Since hydrophobic profiling characterizes a global feature and requires reasonably good statistics, a constraint is imposed on the size of the protein structures that yields relatively smooth moment profiles. A relatively smooth profile can be obtained for a protein with a large number of amino acid residues, i.e., the protein may comprise greater than or equal to about 60 amino acid residues. For example, the Holm & Sander decoys each have a reasonably large number of amino acid residues, i.e., 14 decoy sets out of 26 have proteins ranging from 107 to 317 amino acid residues. Thus, when using the Holm & Sander decoys, it is possible to choose only those decoys with greater than or equal to 100 amino acid residues. In contrast, the Park & Levitt or Baker decoy sets have, many decoys with less than 100 amino acid residues. Thus, when using decoys from either of these two sets, it is preferable to choose those decoys with greater than or equal to 60 amino acid residues. Typically, the decoys within each set are further organized into subsets. The subsets are based upon the native protein from which the subset was derived. The native protein may be obtained from a database, such as the Protein Databank (PDB Databank).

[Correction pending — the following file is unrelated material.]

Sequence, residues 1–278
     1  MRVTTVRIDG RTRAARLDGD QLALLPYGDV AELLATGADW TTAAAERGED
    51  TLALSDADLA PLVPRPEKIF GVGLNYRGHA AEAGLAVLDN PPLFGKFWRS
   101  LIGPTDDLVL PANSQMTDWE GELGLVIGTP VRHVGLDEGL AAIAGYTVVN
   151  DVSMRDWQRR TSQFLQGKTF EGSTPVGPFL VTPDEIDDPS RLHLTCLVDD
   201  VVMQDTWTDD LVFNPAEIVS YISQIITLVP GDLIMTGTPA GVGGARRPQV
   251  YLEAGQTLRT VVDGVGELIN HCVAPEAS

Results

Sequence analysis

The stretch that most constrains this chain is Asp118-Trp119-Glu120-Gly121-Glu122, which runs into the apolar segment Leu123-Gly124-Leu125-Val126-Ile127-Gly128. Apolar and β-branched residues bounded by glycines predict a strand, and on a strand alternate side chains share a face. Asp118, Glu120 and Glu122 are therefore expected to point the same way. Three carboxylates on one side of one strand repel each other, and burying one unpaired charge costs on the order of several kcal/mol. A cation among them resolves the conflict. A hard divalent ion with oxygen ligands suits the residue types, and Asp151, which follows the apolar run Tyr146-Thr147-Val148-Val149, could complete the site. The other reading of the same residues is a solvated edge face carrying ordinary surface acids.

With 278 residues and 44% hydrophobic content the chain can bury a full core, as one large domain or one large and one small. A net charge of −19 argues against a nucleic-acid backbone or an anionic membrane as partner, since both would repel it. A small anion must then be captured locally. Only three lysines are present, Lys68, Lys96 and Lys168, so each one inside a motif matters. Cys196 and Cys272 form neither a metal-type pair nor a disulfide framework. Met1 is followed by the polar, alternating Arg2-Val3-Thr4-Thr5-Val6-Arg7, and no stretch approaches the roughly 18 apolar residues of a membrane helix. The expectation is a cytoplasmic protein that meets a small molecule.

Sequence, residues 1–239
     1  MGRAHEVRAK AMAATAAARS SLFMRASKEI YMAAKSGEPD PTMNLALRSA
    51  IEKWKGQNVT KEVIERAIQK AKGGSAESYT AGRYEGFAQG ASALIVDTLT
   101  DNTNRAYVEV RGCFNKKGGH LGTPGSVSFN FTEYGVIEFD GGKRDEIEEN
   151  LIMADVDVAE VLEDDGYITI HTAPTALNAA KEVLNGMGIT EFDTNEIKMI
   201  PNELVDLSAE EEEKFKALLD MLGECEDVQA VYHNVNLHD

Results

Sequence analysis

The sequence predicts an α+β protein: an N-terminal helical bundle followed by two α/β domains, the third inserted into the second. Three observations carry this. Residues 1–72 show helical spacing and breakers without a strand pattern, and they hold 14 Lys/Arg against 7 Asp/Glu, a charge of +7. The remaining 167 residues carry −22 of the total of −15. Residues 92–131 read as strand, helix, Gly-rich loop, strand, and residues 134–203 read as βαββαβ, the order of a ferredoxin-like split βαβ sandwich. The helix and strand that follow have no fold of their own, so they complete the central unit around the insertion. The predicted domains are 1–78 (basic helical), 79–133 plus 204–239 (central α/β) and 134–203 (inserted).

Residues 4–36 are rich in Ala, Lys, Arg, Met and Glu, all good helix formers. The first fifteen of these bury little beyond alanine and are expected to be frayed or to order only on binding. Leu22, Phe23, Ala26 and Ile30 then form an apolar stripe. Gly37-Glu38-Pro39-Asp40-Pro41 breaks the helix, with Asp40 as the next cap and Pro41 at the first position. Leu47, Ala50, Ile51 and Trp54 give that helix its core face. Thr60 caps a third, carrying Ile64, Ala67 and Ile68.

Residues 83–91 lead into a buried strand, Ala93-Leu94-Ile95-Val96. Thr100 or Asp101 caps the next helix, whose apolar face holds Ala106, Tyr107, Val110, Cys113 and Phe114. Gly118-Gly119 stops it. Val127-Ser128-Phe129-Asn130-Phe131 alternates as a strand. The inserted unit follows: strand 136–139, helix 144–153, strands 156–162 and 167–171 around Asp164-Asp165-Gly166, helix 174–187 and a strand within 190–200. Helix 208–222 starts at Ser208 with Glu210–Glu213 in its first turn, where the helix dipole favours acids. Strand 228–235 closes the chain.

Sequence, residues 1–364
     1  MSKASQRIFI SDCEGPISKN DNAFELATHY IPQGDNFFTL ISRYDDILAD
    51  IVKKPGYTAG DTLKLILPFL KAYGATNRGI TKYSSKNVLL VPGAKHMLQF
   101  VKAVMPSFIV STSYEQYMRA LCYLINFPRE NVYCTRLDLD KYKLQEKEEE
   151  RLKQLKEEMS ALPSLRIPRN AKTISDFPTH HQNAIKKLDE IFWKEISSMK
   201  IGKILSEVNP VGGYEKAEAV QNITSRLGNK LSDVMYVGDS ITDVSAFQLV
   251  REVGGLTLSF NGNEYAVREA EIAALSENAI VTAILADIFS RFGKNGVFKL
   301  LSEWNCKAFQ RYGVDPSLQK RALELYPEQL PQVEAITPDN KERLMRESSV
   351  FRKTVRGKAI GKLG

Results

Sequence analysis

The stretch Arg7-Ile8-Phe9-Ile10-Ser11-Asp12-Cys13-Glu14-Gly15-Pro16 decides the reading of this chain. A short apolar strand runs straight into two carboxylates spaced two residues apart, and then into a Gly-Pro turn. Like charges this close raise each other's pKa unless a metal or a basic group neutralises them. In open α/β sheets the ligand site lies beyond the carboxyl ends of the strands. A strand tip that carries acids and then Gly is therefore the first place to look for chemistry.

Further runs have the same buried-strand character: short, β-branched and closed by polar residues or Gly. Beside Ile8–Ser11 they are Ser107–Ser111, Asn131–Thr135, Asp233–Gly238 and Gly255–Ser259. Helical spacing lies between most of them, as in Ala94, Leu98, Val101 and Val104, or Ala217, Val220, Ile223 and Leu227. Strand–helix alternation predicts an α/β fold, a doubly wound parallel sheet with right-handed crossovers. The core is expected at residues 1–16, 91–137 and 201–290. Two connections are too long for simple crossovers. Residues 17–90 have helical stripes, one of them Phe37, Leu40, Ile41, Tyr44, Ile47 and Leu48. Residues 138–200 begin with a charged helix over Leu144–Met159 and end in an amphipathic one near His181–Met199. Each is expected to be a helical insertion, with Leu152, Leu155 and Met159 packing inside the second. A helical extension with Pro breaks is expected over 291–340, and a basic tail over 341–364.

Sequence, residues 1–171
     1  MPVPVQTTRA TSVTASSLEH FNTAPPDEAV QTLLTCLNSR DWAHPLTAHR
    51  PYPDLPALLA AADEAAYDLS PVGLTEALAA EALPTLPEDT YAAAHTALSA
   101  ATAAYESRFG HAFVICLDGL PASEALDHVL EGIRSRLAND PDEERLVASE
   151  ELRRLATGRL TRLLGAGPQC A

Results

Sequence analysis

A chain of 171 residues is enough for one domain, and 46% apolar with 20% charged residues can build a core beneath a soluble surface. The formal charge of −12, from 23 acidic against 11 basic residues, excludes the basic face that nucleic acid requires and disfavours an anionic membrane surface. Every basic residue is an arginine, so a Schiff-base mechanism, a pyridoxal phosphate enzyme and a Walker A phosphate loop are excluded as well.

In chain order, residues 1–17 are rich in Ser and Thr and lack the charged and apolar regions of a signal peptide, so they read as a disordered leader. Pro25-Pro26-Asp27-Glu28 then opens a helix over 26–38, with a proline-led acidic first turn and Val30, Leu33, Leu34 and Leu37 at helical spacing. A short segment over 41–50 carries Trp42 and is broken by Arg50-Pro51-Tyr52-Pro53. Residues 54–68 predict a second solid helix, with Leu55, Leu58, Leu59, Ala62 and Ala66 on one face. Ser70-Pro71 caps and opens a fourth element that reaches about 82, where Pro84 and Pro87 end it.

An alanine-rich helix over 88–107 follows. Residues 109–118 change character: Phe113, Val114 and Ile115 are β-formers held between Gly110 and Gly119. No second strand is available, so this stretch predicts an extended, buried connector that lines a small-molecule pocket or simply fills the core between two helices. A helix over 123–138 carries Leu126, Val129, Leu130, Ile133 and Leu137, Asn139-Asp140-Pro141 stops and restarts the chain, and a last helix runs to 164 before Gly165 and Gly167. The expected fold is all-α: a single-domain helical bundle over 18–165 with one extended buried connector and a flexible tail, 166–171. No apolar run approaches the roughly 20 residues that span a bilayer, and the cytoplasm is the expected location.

Additional limitations may also be imposed on the decoys chosen. For example, when Baker decoys are used, two further standards are applied to select subsets:

(1) those decoy subsets wherein less than or equal to 10 percent of the decoy proteins in the subset have RMSD values less than eight angstroms (as compared to the native protein) are eliminated; and

(2) those decoy subsets wherein the decoys in the subsets have a smallest RMSD value larger than four angstroms (as compared to the native protein) are eliminated.

The objective is to select decoys with a broad range of RMSD values, and thus a broad range of similarity to the corresponding native proteins, to examine. However, decoy sets in which all decoys are significantly displaced in RMSD from the corresponding native proteins are eliminated.

Imposing the limitations described above eliminates 81 of the 92 Baker subsets. Imposing the limitation that decoys must have greater than or equal to 60 amino acid residues reduces the number of Park & Levitt subsets to 4, from a total of 7.

Table 2, shown below, contains the resulting decoy subsets from the Park & Levitt and Baker sets after the limitations have been imposed.

TABLE 2
Hydrophobic
Decoy SetPDB entry# of Amino Acid ResiduesRatio
Park & Levitt1ctf680.722
1r69630.762
2cro650.722
3icb750.750
Baker1c5a620.727
1ctf670.722
1hsn620.679
1leb630.684
Baker1mzm670.773
1nkl700.737
1r69610.762
1sro660.640
2ezh650.667
2fow660.750
2ptl600.682